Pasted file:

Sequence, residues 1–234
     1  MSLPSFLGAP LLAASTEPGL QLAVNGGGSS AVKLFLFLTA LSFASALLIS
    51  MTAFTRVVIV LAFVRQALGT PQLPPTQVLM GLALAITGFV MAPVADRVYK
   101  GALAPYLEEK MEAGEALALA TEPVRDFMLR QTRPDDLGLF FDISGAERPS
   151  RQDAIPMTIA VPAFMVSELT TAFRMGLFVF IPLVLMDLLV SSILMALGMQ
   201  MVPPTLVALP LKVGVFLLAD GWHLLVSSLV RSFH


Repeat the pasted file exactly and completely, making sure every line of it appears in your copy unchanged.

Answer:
Sequence, residues 1–234
     1  MSLPSFLGAP LLAASTEPGL QLAVNGGGSS AVKLFLFLTA LSFASALLIS
    51  MTAFTRVVIV LAFVRQALGT PQLPPTQVLM GLALAITGFV MAPVADRVYK
   101  GALAPYLEEK MEAGEALALA TEPVRDFMLR QTRPDDLGLF FDISGAERPS
   151  RQDAIPMTIA VPAFMVSELT TAFRMGLFVF IPLVLMDLLV SSILMALGMQ
   201  MVPPTLVALP LKVGVFLLAD GWHLLVSSLV RSFH